Among all the types of guests hotels could have, celebrities can be the most demanding and the most rewarding guests. Back in the heyday of rock n’ roll, Andaz West Hollywood became well known as the place frequented by bands such as The Who, The Rolling Stones, and Led Zeppelin. “There may have been a few occurrences of controversial celebrity behavior that had helped cement Andaz as one of the most legendary hotels of all times, but in the long run they proved to be well worth it from a PR perspective“ says celebrity sourcing expert Jonathan Schenker of Bookmark Entertainment, one of Asia’s leading celebrity booking agencies, in an interview.
In every major city in the world there is a hotel with the reputation of a celebrity hot-spot. “In London, The Mayfair Hotel, Blake’s and Claridges are among the hotels most frequently visited by celebrities.” notes Schenker and names other examples: “In Miami, it’s the W South Beach, in Hong Kong, it’s the The Ritz-Carlton and the Mandarin Oriental, in Shanghai it’s The Peninsula and in Mumbai, it’s the JW Marriott.“
The impact celebrity guests have on hotels should not be underestimated. First, there’s the seemingly free publicity, which comes with mentions in the media. Second, there’s the reputation within the industry that attracts other celebrity guests.
What appears as free publicity a hotel can get from celebrities’ patronage is not always easy to achieve, specifically when protecting the guests’ privacy is a major responsibility that any reputable hotel must abide to. Of course, there isn’t a single “type” when it comes to celebrity guests; while some shy away from the media, others love to be in the center of attention – and these are the ones who tend to be most valuable when creating the “celebrity aura” around a hotel. If a celebrity is not averse to having information about their stay in the hotel published in magazines and other outlets, a hotel can always offer a special rate for the stay or even pay the celebrity for it.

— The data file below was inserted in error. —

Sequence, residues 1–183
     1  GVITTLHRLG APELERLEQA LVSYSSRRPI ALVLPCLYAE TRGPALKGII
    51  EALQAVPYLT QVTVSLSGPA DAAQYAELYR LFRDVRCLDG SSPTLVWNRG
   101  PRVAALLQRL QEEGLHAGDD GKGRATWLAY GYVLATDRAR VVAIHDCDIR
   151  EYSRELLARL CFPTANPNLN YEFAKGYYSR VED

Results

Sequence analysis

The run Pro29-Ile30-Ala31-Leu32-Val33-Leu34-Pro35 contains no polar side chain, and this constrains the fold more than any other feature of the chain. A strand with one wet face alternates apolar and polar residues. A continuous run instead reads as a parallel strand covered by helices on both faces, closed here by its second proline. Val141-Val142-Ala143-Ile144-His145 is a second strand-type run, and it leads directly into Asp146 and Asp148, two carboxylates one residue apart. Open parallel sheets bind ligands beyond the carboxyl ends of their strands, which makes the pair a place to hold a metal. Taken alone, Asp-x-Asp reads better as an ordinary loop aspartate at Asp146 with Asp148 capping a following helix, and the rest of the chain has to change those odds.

Samuel L. Jackson is an example for this strategy: every time he heads to Las Vegas, he stays at The Palms Hotel which first had invited him to the hotel opening back in 2001. He keeps coming back ever since – “making it obvious that both Mr. Jackson and the hotel regard this relationship to be mutually beneficial” Schenker, who has worked with A-listers such as Rihanna or Lady Gaga, points out.
Celebrity guests require celebrity treatment and developing relationships with their relevant agents and management is crucial for a hotel’s reputation in the industry. The well established hotel may have experienced in-house personnel to negotiate the terms with the celebrities’ representatives, however – most hotels don’t. These hotels tend to use the services of celebrity consultants or celebrity sourcing agencies to initiate contact with celebrities’ representatives and negotiate on their behalf. A well-versed expert will get the best deal possible for both sides.
The end result of the effort should, of course, be seen through increased income and reduced costs. If a hotel gets publicity from the celebrities’ stay, it might make advertisement almost unnecessary. If the word gets out that celebrities frequent a certain hotel, others will want to stay there as well – both celebrities and regular guests. The actual stay of a celebrity itself might not be profitable for the hotel – but the effect of it has the potential to increase the long-term profits and provide a clear branding benefit. What is quite interesting and what many don’t know is, what happens behind the scenes: A hotel’s celebrity reputation isn’t created by itself. Special deals for very special guests are inevitable if a hotel wants to become “the place to be”.